28 January 2021
British Virgin Islands’ (BVI) shell companies have repeatedly played a role in notorious global crime schemes. Nonetheless BVI has the reputation as one of the world’s most dependable tax havens. Around 400,000 offshore companies are registered in the island of 30,000 people.
Last week, outgoing BVI Governor Augustus Jaspert announced a commission of inquiry to investigate allegations of corruption and the misuse of millions of dollars in public funds. Governor Jaspert mentioned in his Facebook posting that $40 million earmarked for COVID-19 relief was allegedly siphoned to political allies. In another case under investigation, the BBC reported, cocaine worth almost $250 million was found in the home of a local policeman.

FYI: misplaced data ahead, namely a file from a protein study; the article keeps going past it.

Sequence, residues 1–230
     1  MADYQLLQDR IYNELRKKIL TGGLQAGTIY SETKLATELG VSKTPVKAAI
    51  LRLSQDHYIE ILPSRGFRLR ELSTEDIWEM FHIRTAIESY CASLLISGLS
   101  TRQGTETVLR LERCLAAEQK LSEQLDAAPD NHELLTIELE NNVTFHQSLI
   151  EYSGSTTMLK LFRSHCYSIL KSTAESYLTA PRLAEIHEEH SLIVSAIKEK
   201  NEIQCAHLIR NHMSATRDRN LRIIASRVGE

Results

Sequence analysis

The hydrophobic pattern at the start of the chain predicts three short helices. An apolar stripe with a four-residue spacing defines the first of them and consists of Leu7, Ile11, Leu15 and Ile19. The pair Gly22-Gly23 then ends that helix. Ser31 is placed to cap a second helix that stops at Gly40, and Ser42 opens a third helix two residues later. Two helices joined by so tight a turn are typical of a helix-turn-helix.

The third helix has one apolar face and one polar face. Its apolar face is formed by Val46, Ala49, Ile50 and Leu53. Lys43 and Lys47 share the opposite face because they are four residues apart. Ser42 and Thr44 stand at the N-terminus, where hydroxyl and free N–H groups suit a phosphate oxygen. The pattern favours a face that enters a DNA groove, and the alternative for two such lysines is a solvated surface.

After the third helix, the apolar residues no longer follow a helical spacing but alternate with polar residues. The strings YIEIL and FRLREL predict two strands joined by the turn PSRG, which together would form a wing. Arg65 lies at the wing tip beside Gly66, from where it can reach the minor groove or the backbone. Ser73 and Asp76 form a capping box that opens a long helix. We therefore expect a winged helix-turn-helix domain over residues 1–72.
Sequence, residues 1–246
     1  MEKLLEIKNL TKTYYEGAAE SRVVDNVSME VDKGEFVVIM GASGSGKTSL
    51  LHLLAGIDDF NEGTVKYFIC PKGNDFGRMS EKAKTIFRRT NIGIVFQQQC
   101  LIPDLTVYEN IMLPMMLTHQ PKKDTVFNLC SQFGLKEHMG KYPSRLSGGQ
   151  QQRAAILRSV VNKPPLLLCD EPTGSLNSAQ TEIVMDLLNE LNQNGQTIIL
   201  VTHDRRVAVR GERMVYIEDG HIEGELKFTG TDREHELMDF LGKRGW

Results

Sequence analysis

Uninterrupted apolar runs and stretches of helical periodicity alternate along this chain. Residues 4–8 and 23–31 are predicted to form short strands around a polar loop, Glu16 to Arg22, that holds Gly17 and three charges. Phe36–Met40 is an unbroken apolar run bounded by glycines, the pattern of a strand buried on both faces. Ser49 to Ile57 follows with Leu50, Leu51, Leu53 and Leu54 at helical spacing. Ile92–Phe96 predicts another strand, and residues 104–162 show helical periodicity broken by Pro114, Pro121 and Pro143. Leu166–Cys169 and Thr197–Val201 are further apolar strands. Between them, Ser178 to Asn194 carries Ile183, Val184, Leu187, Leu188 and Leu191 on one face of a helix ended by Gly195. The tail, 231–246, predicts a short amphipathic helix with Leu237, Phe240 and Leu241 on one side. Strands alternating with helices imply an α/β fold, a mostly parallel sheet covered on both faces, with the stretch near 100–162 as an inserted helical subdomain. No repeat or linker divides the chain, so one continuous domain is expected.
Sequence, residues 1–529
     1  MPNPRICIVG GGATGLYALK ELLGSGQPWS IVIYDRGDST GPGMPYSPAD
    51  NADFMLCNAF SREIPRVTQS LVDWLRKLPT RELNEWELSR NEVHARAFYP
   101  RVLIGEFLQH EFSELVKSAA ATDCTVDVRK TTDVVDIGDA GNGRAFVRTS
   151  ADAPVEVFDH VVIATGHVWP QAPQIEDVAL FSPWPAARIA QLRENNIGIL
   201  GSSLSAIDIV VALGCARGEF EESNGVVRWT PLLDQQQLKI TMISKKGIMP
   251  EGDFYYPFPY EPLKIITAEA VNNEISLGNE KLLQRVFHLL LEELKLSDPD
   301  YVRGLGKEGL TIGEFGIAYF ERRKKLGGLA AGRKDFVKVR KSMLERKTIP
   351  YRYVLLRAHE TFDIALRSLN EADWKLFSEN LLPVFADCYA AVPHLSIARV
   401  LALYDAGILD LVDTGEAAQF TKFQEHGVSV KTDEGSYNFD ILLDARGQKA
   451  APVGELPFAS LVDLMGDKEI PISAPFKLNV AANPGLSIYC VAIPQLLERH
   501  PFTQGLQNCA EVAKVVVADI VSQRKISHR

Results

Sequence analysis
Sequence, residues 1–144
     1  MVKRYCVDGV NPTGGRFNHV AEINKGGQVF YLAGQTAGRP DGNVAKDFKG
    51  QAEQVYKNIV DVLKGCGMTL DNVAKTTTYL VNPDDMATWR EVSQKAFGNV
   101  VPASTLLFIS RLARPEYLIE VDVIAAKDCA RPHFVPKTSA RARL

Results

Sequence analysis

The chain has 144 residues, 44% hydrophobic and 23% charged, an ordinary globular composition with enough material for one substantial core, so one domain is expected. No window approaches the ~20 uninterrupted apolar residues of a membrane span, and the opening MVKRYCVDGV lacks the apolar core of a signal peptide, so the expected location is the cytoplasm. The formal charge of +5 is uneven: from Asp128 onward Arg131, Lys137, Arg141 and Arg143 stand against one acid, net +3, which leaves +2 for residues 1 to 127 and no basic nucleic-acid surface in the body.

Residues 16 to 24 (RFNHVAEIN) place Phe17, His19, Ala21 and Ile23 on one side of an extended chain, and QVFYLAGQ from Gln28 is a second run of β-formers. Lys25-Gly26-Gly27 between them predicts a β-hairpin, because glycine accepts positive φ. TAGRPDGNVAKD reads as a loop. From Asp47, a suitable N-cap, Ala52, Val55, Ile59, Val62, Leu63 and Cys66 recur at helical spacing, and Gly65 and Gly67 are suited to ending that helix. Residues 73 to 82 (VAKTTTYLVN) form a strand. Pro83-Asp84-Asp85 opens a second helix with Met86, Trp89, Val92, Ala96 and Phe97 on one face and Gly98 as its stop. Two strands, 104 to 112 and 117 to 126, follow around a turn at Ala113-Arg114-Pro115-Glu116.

The inquiry is backed by the United Kingdom. The U.K. oversees the BVI as an overseas territory. BVI governs its domestic affairs and raises its own taxes but relies on the United Kingdom for defense and diplomatic matters.
U.K. foreign secretary, Dominic Raab, said in a statement to parliament that a consistent and deeply troubling array of concerns have been put to the Governor by local institutions and the community and such serious allegations cannot be ignored.
When UK exits the European Union (EU), it is very likely that EU will black list BVI for being a tax haven. This will have an impact on the number of companies registering in BVI.
Premier Andrew Fahie said that the action of the the immediate past governor Augustus Jaspert in appointing the Commission of Inquiry (COI) was irresponsible and damaging to the territory. He also questioned why the entities under the portfolio of the past governor have not been investigated. It should be noted that the Prime Minister is elected by popular vote, the Governor is appointed by the monarch on the advice of the British government.
Bvinews and ICIJ reported.